the device, either at the end (for 1.0), at the start (for 1.1) or 4K from the start (for 1.2).

This will override any HOMEHOST setting in the config file and provides the identity of the host which should be considered the home for any arrays.

When creating an array, the homehost will be recorded in the superblock. For version 1 superblocks, it will be prefixed to the array name. For ver Äê
sion 0.90 superblocks, part of the SHA1 hash of the hostname will be stored in the later half of the UUID.

When reporting information about an array, any array which is tagged for the given homehost will be reported as such.

When using Auto Assemble, only arrays tagged for the given homehost will be assembled.

For create, build, or grow:
n, raid devices=
Specify the number of active devices in the array. This, plus the number of spare devices (see below) must equal the number of component devices
(including "missing" devices) that are listed on the command line for create. Setting a value of 1 is probably a mistake and so requires that
force be specified first. A value of 1 will then be allowed for linear, multipath, raid0 and raid1. It is never allowed for raid4 or raid5.
This number can only be changed using grow for RAID1, RAID5 and RAID6 arrays, and only on kernels which provide necessary support.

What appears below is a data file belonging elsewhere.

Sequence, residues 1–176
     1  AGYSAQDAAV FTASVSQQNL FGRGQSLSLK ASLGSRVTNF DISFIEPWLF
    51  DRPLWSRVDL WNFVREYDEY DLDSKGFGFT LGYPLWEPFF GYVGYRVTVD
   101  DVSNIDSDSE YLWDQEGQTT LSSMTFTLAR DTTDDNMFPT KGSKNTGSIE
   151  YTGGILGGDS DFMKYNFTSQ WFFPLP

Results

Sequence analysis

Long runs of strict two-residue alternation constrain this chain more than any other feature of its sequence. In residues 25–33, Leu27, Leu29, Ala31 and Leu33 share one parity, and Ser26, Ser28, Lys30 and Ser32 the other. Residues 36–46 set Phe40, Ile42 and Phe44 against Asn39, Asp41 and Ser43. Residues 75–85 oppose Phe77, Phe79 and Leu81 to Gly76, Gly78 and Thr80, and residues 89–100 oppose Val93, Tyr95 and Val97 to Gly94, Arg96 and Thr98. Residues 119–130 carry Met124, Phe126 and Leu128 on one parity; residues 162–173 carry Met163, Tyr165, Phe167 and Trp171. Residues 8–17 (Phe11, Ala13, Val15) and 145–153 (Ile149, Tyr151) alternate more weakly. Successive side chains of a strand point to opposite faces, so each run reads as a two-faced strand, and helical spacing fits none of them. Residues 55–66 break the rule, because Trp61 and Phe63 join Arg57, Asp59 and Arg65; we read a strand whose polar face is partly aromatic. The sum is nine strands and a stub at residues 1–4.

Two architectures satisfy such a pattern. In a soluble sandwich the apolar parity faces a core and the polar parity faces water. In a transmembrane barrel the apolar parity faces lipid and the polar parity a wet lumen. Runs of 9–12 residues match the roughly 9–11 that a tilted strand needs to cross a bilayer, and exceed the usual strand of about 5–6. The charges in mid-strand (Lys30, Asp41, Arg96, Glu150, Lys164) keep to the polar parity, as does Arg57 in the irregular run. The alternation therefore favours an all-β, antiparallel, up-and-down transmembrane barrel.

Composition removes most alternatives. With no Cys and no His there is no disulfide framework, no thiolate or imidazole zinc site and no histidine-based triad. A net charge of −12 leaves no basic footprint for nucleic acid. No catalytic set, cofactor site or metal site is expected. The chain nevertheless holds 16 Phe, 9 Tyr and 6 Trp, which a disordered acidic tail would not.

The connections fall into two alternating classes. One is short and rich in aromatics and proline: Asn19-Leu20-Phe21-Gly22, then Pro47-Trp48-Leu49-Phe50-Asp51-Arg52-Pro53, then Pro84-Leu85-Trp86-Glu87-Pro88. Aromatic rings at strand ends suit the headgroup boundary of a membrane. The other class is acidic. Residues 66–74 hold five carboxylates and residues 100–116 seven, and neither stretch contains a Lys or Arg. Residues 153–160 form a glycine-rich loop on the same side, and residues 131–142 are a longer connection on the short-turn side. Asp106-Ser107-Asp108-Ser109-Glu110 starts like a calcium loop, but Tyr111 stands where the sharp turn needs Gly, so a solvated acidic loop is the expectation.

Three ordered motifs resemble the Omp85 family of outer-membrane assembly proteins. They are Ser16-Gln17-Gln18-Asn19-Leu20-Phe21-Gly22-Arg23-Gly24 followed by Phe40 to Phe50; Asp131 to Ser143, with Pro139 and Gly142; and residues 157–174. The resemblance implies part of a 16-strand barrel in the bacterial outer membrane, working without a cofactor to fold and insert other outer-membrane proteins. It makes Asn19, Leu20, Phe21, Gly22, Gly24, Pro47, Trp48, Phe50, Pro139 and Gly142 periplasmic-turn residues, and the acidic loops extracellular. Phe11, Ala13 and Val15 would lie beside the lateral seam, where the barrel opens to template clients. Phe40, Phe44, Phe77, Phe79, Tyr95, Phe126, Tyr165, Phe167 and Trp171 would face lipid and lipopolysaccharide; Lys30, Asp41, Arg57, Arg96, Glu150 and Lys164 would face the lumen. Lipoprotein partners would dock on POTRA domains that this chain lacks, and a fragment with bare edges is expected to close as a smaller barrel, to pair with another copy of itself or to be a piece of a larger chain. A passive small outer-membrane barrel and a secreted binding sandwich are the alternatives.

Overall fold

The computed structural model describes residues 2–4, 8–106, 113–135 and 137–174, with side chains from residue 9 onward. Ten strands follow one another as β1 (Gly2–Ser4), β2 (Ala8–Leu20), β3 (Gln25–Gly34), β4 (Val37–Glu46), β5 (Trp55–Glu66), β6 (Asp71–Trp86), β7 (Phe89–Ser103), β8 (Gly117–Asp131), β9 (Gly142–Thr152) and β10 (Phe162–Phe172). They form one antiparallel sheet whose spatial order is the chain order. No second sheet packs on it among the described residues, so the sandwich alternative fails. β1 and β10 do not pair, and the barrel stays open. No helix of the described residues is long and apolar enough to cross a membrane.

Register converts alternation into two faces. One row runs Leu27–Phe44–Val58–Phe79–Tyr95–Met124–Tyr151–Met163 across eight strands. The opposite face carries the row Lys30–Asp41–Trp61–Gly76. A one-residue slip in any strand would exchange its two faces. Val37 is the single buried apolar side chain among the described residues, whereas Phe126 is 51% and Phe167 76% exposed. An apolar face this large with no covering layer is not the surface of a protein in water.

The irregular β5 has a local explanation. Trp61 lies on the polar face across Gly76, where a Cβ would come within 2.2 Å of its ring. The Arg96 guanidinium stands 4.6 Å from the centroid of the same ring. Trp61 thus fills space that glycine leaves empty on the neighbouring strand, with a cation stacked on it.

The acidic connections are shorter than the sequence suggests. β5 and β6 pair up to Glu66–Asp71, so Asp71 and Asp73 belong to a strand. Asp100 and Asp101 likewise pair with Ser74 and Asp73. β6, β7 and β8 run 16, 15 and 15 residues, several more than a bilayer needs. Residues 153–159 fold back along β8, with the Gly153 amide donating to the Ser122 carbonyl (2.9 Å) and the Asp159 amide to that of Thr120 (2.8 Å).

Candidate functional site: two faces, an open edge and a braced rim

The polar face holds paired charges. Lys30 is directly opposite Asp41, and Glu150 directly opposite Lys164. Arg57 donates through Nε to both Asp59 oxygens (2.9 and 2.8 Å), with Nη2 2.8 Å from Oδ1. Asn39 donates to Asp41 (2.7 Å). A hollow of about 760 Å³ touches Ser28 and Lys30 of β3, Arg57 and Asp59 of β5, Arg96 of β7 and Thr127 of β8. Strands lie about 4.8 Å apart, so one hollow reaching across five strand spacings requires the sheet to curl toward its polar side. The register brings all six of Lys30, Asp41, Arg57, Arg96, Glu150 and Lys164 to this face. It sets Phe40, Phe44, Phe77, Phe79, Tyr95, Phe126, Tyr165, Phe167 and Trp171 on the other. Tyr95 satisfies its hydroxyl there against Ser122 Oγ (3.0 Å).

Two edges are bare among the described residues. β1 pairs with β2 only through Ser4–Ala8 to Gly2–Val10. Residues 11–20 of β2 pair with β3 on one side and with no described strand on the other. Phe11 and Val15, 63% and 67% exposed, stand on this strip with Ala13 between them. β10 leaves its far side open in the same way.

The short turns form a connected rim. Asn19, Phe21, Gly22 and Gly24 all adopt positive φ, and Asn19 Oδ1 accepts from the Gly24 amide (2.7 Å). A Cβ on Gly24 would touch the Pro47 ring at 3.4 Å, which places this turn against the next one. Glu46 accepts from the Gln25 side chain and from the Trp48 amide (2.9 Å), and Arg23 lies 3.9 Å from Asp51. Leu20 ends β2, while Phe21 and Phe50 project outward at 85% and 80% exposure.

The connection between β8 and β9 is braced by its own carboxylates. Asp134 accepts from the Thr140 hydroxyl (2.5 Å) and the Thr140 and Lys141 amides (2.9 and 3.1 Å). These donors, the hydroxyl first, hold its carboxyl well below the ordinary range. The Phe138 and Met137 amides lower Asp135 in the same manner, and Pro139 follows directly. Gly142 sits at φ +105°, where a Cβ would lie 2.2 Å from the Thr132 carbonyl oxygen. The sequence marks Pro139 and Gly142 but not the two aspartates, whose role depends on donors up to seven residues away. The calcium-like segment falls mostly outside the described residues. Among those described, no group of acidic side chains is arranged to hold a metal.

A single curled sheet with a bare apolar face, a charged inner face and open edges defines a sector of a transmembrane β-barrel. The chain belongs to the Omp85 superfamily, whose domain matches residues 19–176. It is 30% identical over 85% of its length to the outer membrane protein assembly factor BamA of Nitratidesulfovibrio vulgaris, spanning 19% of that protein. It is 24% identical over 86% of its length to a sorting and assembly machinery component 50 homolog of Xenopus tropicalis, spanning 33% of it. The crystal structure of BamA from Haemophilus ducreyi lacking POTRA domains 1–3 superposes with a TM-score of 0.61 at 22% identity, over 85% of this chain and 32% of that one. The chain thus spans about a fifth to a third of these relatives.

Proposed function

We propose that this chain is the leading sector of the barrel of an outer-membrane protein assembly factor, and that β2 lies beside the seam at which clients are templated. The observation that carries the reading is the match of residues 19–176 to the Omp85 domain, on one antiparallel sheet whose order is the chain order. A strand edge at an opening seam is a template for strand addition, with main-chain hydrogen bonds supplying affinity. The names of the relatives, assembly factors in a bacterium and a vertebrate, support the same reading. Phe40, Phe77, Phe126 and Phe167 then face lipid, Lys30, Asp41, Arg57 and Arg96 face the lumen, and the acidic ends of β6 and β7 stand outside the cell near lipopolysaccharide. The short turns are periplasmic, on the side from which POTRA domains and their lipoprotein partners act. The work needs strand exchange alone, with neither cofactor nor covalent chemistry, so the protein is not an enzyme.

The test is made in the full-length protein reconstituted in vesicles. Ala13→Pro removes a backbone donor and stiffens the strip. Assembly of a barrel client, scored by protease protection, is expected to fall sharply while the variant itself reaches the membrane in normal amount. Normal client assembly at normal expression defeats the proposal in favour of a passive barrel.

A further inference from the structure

x, spare devices=
Specify the number of spare (eXtra) devices in the initial array. Spares can also be added and removed later. The number of component devices listed
on the command line must equal the number of raid devices plus the number of spare devices.

z, size=
Amount (in Kibibytes) of space to use from each drive in RAID level 1/4/5/6. This must be a multiple of the chunk size, and must leave about 128Kb of
space at the end of the drive for the RAID superblock. If this is not specified (as it normally is not) the smallest drive (or partition) sets the
size, though if there is a variance among the drives of greater than 1%, a warning is issued.

This value can be set with grow for RAID level 1/4/5/6. If the array was created with a size smaller than the currently active drives, the extra
space can be accessed using grow. The size can be given as max which means to choose the largest size that fits on all current drives.

c, chunk=
Specify chunk size of kibibytes. The default is 64.

Specify rounding factor for linear array (==chunk size)

l, level=
Set raid level. When used with create, options are: linear, raid0, 0, stripe, raid1, 1, mirror, raid4, 4, raid5, 5, raid6, 6, raid10, 10, multi Äê
path, mp, faulty. Obviously some of these are synonymous.

When used with build, only linear, stripe, raid0, 0, raid1, multipath, mp, and faulty are valid.

Not yet supported with grow.

p, layout=
This option configures the fine details of data layout for raid5, and raid10 arrays, and controls the failure modes for faulty.

The layout of the raid5 parity block can be one of left asymmetric, left symmetric, right asymmetric, right symmetric, la, ra, ls, rs. The default is
left symmetric.

When setting the failure mode for level faulty, the options are: write transient, wt, read transient, rt, write persistent, wp, read persistent, rp,
write all, read fixable, rf, clear, flush, none.

Each failure mode can be followed by a number, which is used as a period between fault generation. Without a number, the fault is generated once on